UNIFIED COMPUTATIONAL MODEL FOR ACTIVATED SLUDGE, IFAS AND MBBR SYSTEMS

Authors: Sen, Dipankar; Randall, Clifford W.

Source: Proceedings of the Water Environment Federation, WEFTEC 2005: Session 41 through Session 50 , pp. 3889-3904(16)

Publisher: Water Environment Federation

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Abstract:

Research was undertaken to measure kinetic parameters for an Unified computational model that can be applied to activated sludge, IFAS and MBBR systems. The model is for COD removal, nitrification and denitrification. There are significant advantages of such a model: 1) it eliminates the need to run separate computational models for each of the three systems; and (2) a single model can be used to evaluate all three configurations for plant design and retrofit.

Pilot scale continuous flow units were operated in the UCT/VIP configuration to measure the kinetic parameters for the model. The IFAS and MBBR systems (units) were operated in parallel with an activated sludge system. The systems were operated under identical wastewater loads, tank and nitrate recycle configuration, except for the biofilm support media in the aerobic zone of the IFAS and MBBR systems. The flow rate was 208 L/day and the nominal HRT was 12 hours. The operating temperature of 12 C was low enough to stress the nitrifiers in the mixed liquor suspended solids as the mixed liquor MCRT was lowered. Specific phases of the study included:

Activated sludge system operated at aerobic zone mixed liquor MCRTs of 3.1 days, 2.4 days, 1.7 days and 1.0 days;


Integrated Fixed Film Activated Sludge (IFAS) system operated with biofilm support media in the aerobic zone. The IFAS unit was operated in parallel and at the same mixed liquor MCRTs as the activated sludge system;


Moving Bed Biofilm Reactor (MBBR) system operated without return activated sludge (RAS) recycle with biofilm support media in the aerobic zone. The MBBR unit was operated in parallel to a control system without biofilm media and RAS.


The aerobic zone of each of the three systems was divided into three cells with equal volume to determine how the biofilm would develop, and COD uptake and nitrification rates would vary with the soluble biodegradable COD and ammonium-N along the aerobic zone.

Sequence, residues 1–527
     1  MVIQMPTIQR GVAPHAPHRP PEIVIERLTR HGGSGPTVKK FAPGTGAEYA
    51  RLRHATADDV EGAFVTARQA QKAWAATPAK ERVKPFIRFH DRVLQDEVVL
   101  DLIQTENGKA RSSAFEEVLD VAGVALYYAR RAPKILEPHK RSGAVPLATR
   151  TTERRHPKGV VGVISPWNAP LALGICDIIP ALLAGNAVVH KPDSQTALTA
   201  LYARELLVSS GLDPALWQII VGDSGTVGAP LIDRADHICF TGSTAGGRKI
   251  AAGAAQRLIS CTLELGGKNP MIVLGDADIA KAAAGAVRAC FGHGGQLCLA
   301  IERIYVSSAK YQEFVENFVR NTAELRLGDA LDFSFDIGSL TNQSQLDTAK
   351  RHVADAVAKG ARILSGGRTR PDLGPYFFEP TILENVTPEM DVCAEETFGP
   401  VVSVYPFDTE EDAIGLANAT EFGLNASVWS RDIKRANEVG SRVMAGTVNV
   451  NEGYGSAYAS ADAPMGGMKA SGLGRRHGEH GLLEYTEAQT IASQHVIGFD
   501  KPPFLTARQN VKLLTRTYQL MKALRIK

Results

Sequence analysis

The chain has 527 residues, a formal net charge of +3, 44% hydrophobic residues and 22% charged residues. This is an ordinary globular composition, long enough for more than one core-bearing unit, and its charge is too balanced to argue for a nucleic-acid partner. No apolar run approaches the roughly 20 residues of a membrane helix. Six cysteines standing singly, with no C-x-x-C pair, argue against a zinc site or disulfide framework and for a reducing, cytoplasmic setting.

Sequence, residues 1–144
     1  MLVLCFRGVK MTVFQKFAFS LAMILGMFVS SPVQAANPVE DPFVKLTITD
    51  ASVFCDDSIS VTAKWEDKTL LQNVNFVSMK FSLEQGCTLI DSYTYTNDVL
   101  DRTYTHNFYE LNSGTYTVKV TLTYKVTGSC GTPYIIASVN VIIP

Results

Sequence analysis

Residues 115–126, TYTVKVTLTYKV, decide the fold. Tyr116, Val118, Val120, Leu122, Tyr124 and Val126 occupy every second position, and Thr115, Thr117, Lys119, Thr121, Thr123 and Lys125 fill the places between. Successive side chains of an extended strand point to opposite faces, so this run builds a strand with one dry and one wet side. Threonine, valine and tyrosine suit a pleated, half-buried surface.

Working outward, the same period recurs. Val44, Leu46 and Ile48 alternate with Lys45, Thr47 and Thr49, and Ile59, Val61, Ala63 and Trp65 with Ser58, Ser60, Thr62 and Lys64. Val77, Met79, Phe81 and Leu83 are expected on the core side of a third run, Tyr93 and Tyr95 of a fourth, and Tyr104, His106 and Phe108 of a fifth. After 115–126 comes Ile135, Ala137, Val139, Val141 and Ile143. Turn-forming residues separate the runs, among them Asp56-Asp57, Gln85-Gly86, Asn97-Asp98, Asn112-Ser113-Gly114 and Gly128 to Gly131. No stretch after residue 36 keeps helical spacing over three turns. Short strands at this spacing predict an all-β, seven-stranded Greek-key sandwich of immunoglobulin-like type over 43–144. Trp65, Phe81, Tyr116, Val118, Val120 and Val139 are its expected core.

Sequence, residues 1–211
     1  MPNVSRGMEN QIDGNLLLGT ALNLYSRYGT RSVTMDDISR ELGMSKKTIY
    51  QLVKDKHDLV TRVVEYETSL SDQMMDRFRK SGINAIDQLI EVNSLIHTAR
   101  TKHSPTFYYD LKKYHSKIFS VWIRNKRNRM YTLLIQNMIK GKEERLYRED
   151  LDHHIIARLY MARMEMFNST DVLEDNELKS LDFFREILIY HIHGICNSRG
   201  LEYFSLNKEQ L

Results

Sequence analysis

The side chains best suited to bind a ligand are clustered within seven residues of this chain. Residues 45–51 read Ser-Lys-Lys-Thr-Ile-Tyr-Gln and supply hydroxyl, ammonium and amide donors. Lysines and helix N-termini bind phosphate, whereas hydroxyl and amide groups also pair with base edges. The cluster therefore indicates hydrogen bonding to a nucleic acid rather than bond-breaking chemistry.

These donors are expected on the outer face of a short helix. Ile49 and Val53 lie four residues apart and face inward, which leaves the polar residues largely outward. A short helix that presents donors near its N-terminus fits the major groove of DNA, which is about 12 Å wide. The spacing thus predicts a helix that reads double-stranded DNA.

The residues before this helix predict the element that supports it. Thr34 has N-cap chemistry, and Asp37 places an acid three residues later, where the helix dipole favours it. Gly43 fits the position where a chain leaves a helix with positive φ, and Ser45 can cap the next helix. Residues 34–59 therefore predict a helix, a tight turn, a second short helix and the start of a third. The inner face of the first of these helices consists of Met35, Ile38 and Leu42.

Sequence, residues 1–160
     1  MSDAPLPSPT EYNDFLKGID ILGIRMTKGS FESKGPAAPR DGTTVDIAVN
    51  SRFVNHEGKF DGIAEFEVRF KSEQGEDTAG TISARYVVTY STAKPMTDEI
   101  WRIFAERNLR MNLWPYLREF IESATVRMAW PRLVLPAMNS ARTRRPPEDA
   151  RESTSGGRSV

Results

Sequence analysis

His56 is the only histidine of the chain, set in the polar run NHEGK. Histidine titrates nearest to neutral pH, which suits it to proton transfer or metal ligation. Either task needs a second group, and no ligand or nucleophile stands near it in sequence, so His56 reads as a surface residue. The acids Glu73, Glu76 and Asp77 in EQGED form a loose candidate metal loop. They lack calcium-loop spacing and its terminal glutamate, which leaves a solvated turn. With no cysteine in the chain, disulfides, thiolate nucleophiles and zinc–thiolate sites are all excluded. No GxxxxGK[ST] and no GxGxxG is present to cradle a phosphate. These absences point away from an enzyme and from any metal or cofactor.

The most important equations identified as part of this research effort are the rates of COD removal and nitrification per unit surface area of biofilm, and their dependence on the soluble biodegradable COD and ammonium-N concentrations. The structure of these equations is similar to the Monod equations used for removal (uptake and oxidation) of COD and ammonium-N in the mixed liquor suspended solids. By adding the removal rates of COD and ammonium-N in the biofilm to that in the mixed liquor suspended solids, the model is able to compute the total removal in each reactor.

The COD removal, ammonium-N removal and nitrification and denitrification, the concentration profiles and the effluent values computed by the model compared satisfactorily to the concentrations measured in the pilot unit. Additionally, the model was able to determine the amount of biofilm surface area that would be required and the best locations for the media to maximize the increase in nitrification. Based on this, the user is able to compute how much media will be required to retrofit a plant that is not nitrifying or is partially nitrifying.

Document Type: Research Article

DOI: http://dx.doi.org/10.2175/193864705783865929

Publication date: January 1, 2005

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